Friday, October 31, 2014

Are men more lonely?

Sometimes when I see my son playing by himself in his room on a Saturday afternoon, I stand in the doorway and ask him a very complex question:

Are you lonely?

I ask this for several reasons. First of all, he is an only child with no siblings to boss around. So, if my husband and I are not doing an activity with him, he is usually playing by himself. (Which I encourage - everyone should learn how to occupy their own time without dependence on another person.)

Secondly, he has parents who both spend time doing solitary activities, providing him with examples of grown-ups being alone.

Finally, he is a boy. And studies show that men traditionally spend more time alone - either through time in their own spaces or at the end of their lives when they have fewer social options. There are evidently few opportunities for men to feel comfortable bonding together in older age.

To the men out there: Why is that? Why are the things that bond you together when you are younger (sports or hobbies or whatever) not seem relevant when you are older?

Most times when I ask my son if he is lonely, he shakes his head and tells me no. If he tells me yes, then we talk about what would make him feel less lonely and then I give him the time/attention he needs. (This is how I've amassed all my dinosaur and construction truck knowledge.)

But there are times when I don't ask the question, but I can tell that he is lonely. Those are the times he will randomly appear by my side and tell me, "I just want to be in whatever room you are in." And I hug him and tell him that he is more than welcome to be with me, even though we are doing different activities. He is here with me now as I type this, building a complex train track and when he is done, I will watch him play conductor. We are each doing something solitary, but we are not alone.

And maybe that is a good compromise for us.

Do your children ever vocalize their loneliness? How do you help them with it? Share with me in the comments.

Wednesday, October 29, 2014

Something is growing in your car seat

Sometimes when I am at work I look at my keyboard and am disgusted because I can't remember the last time I cleaned it. This is usually followed by a bout of spraying and swabbing it.

I'm not a neat freak by any measure, but I like a clean house and a fairly clean life. But there is one area that I often neglect to clean:

My son's car seat.

Do I vacuum it when I vacuum the rest of the car? Yes. Do I take it apart and scrub it down? Umm...no. But clearly I need to after reading that car seats can harbor twice as many germs as the toilet bowl.

First of all: Ewwww.

Second of all: That makes sense. My son eats snacks in that seat, spills beverages back there, and I'm sure it collects dirt and dust from his shoes.

So, now I need to become an expert at taking that car seat apart (hint: take a picture of it or dig up the instructions first), washing it down and putting it back together.

Do you clean out your child's car seat often? If so, what tips do you have for putting it back together on the first attempt? Please share them in the comments.

Tuesday, October 28, 2014

Grandma wants you to have more children

For the decade I was with my husband before we wed, my extended family had one question for us: When are you two getting married? Every family reunion, wedding of one of my cousins or catch up phone call somehow elicited that question.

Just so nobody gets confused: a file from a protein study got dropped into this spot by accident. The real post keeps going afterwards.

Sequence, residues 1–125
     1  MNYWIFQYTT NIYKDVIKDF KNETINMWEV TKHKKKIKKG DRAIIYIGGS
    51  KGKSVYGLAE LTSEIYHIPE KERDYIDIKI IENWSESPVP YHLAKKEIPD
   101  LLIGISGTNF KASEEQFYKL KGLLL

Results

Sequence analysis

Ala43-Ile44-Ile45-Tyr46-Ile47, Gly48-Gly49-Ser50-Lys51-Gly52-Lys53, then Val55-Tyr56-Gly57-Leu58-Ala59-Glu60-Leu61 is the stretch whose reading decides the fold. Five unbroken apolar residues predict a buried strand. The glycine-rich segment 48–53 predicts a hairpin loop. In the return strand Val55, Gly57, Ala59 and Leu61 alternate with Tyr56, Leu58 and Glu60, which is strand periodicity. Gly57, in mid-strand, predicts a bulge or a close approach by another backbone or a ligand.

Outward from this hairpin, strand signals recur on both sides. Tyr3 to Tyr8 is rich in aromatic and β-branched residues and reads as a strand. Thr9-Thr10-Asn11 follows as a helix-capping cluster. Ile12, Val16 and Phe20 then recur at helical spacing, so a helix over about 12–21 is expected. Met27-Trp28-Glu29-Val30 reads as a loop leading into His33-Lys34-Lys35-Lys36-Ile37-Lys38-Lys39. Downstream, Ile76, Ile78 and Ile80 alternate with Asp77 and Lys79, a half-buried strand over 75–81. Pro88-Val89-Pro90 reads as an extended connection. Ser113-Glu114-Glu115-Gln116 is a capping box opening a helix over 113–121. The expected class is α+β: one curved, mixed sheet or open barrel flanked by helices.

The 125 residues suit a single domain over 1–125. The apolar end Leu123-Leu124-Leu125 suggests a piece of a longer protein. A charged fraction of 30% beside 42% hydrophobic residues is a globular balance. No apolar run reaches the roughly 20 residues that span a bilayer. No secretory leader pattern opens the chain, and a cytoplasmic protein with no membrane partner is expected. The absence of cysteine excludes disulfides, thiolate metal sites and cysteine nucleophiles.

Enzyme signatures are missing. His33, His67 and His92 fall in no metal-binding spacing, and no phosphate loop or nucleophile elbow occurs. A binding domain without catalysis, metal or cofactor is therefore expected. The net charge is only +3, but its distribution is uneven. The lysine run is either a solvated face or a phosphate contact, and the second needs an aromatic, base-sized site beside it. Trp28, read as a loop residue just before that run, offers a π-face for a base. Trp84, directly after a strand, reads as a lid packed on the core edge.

Then we married (on our schedule, not theirs) and the question changed to, "When are you two having children?" This, of course, has been followed up with "When are you having another?" after the birth of our first (and only) child.

To my mother's credit, she wasn't one of the people asking those questions (thanks, Mom!) Although, I am sure that if I were to have another child, she would be over-the-moon ecstatic, because she is one of those nurturing grandmothers.

And it turns out that the nurturing grandmother can actually influence parents into...

Actually, hold on for a moment. Ummm...Mom? Can you just stop reading here? I don't want to give you any ideas. The rest of this post is totally not interesting. Really. I'll call you later. I love you!

It turns out that the nurturing grandmother can actually influence parents into having more children. In a study done by the University of Eastern Finland, researchers found that grandparents who were available for emotional support and childcare help could actually sway their children into expanding their families. The study also found that children who had a high level of interaction with their grandparents were less likely to have behavioral problems.

Last year I talked about a very cool study which posited that grandparents were evolutionary necessary to the survival of the species. Of course, the human race is doing just fine these days, but I can't help but wonder if this is what the modern-day equivalent of that evolution looks like.

Do you rely on grandparents for help with your children? Share with me in the comments while I wait for a text from my Mom about having another little one.

Monday, October 27, 2014

You should text your mother

As mentioned before, my Mother is really good with technology. She blogs, she texts and she FaceTimes with her grandchildren. It turns out that this is really good - not just that she is adept at embracing new things, but it's good for my relationship with her.

Through a series of surveys, researchers found that adult children and their parents had the highest satisfaction in their relationship when there were multiple communication channels to choose from. Long gone is the phrase, "Call your Mother," as it has been replaced with the notion that adults now text, tweet and post updates to their Mothers and - most importantly - Moms are using those communication channels back. (The same is true of Dads, of course.)

This news, unfortunately, may just bolster my Mom's argument that I need to join Facebook. It would provide another way for us to keep in touch. I don't know why I fight her - Mom is usually right.

What about you? What communication channels do you use to stay in touch with your parents? Share with me in the comments.